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      Oxidative Stress and Antioxidant System in Periodontitis

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          Abstract

          Periodontitis is a common inflammatory disease, which is initiated by bacterial infection and subsequently progressed by aberrant host response. It can result in the destruction of teeth supporting tissues and have an influence on systemic health. When periodontitis occurs, reactive oxygen species, which are overproduced mostly by hyperactive neutrophils, could not be balanced by antioxidant defense system and cause tissues damage. This is characterized by increased metabolites of lipid peroxidation, DNA damage and protein damage. Local and systemic activities of antioxidants can also be influenced by periodontitis. Total antioxidant capacity, total oxidant status and oxidative stress index have been used to evaluate the oxidative stress associated with periodontitis. Studies have confirmed that inflammatory response in periodontitis is associated with an increased local and systemic oxidative stress and compromised antioxidant capacity. Our review focuses on increased oxidative stress in periodontal disease, specifically, on the relationship between the local and systemic biomarkers of oxidative stress and periodontitis and their association with the pathogenesis of periodontitis. Also, the relationship between periodontitis and systemic inflammation, and the effects of periodontal therapy on oxidative stress parameters will be discussed.

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          Most cited references 103

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          A simple fluorometric assay for lipoperoxide in blood plasma.

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            The role of reactive oxygen and antioxidant species in periodontal tissue destruction.

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              Clinical Relevance of Biomarkers of Oxidative Stress

              Abstract Significance: Oxidative stress is considered to be an important component of various diseases. A vast number of methods have been developed and used in virtually all diseases to measure the extent and nature of oxidative stress, ranging from oxidation of DNA to proteins, lipids, and free amino acids. Recent Advances: An increased understanding of the biology behind diseases and redox biology has led to more specific and sensitive tools to measure oxidative stress markers, which are very diverse and sometimes very low in abundance. Critical Issues: The literature is very heterogeneous. It is often difficult to draw general conclusions on the significance of oxidative stress biomarkers, as only in a limited proportion of diseases have a range of different biomarkers been used, and different biomarkers have been used to study different diseases. In addition, biomarkers are often measured using nonspecific methods, while specific methodologies are often too sophisticated or laborious for routine clinical use. Future Directions: Several markers of oxidative stress still represent a viable biomarker opportunity for clinical use. However, positive findings with currently used biomarkers still need to be validated in larger sample sizes and compared with current clinical standards to establish them as clinical diagnostics. It is important to realize that oxidative stress is a nuanced phenomenon that is difficult to characterize, and one biomarker is not necessarily better than others. The vast diversity in oxidative stress between diseases and conditions has to be taken into account when selecting the most appropriate biomarker. Antioxid. Redox Signal. 23, 1144–1170.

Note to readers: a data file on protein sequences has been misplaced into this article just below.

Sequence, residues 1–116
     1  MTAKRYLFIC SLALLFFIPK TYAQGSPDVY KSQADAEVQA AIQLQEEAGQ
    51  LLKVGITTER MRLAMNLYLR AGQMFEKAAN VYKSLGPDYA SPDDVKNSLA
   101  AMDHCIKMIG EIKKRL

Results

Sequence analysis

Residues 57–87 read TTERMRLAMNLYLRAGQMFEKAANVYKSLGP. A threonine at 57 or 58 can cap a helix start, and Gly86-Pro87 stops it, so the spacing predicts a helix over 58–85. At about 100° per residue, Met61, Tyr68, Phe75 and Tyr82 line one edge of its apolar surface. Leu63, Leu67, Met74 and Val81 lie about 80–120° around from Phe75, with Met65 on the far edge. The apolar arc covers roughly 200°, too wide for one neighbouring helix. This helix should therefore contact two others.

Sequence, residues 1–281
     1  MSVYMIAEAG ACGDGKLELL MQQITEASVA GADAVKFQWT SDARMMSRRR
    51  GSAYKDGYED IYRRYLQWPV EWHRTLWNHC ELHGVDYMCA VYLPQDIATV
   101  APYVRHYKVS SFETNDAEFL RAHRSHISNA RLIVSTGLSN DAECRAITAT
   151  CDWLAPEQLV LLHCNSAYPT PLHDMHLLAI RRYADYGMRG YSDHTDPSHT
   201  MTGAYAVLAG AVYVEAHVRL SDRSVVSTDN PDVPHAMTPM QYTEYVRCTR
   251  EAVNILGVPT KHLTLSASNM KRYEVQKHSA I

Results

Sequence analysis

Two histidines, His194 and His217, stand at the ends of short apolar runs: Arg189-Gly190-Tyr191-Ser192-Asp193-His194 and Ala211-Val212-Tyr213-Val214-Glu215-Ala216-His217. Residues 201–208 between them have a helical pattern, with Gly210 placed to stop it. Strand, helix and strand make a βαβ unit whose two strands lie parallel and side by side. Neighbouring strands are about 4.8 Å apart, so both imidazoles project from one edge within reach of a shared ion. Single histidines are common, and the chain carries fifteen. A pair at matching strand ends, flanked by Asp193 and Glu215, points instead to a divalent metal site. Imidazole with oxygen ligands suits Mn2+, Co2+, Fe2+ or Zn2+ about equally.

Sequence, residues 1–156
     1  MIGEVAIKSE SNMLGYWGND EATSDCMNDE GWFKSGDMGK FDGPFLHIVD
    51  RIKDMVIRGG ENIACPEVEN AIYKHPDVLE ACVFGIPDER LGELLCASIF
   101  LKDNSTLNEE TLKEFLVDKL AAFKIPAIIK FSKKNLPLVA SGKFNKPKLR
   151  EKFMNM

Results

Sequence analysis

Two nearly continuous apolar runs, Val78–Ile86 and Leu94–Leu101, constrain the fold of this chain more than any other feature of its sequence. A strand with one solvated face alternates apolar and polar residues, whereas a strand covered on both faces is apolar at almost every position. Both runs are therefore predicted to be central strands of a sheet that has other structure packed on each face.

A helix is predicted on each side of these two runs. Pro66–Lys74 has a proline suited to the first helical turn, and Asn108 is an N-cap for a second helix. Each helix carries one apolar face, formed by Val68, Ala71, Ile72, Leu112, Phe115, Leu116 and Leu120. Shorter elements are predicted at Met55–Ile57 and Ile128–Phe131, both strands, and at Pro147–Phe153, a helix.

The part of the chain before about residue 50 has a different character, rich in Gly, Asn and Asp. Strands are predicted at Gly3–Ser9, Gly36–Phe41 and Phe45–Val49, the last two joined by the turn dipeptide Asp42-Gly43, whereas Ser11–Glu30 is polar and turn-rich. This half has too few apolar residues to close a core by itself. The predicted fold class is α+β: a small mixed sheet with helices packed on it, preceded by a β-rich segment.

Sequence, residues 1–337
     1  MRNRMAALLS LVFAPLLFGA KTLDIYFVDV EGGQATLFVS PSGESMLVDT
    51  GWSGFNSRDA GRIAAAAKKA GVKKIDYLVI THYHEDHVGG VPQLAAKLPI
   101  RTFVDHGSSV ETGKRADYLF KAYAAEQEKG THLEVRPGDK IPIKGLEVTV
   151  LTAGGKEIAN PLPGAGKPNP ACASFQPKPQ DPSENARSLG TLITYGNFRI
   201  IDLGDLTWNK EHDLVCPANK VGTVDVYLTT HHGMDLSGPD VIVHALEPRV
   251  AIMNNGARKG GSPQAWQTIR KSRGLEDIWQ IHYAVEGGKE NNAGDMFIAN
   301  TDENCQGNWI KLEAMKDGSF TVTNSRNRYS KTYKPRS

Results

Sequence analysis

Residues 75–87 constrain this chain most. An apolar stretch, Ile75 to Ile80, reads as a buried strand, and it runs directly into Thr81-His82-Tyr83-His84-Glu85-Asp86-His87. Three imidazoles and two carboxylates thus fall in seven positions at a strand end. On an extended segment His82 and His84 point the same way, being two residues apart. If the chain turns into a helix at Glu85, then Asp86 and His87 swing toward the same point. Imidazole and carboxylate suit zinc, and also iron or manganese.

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                Author and article information

                Contributors
                Journal
                Front Physiol
                Front Physiol
                Front. Physiol.
                Frontiers in Physiology
                Frontiers Media S.A.
                1664-042X
                13 November 2017
                2017
                : 8
                Affiliations
                1Department of Periodontology and Competence Center for Periodontal Research, University Clinic of Dentistry, Medical University of Vienna , Vienna, Austria
                2Department of Periodontology, Beijing Stomatological Hospital, Capital Medical University , Beijing, China
                Author notes

                Edited by: Alexandrina L. Dumitrescu, Private Dental Practice, Romania

                Reviewed by: Marcos Lopez, Fundación Cardiovascular de Colombia, Colombia; Luisa Machado Barin, Universidade Federal de Santa Maria, Brazil; Sema Becerik, Ege University School of Dentistry, Turkey

                *Correspondence: Xiaohui Rausch-Fan xiaohui.rausch-fan@ 123456meduniwien.ac.at

                This article was submitted to Oxidant Physiology, a section of the journal Frontiers in Physiology

                Article
                10.3389/fphys.2017.00910
                5693842
                Copyright © 2017 Wang, Andrukhov and Rausch-Fan.

                This is an open-access article distributed under the terms of the Creative Commons Attribution License (CC BY). The use, distribution or reproduction in other forums is permitted, provided the original author(s) or licensor are credited and that the original publication in this journal is cited, in accordance with accepted academic practice. No use, distribution or reproduction is permitted which does not comply with these terms.

                Page count
                Figures: 1, Tables: 4, Equations: 0, References: 112, Pages: 13, Words: 11059
                Categories
                Physiology
                Review

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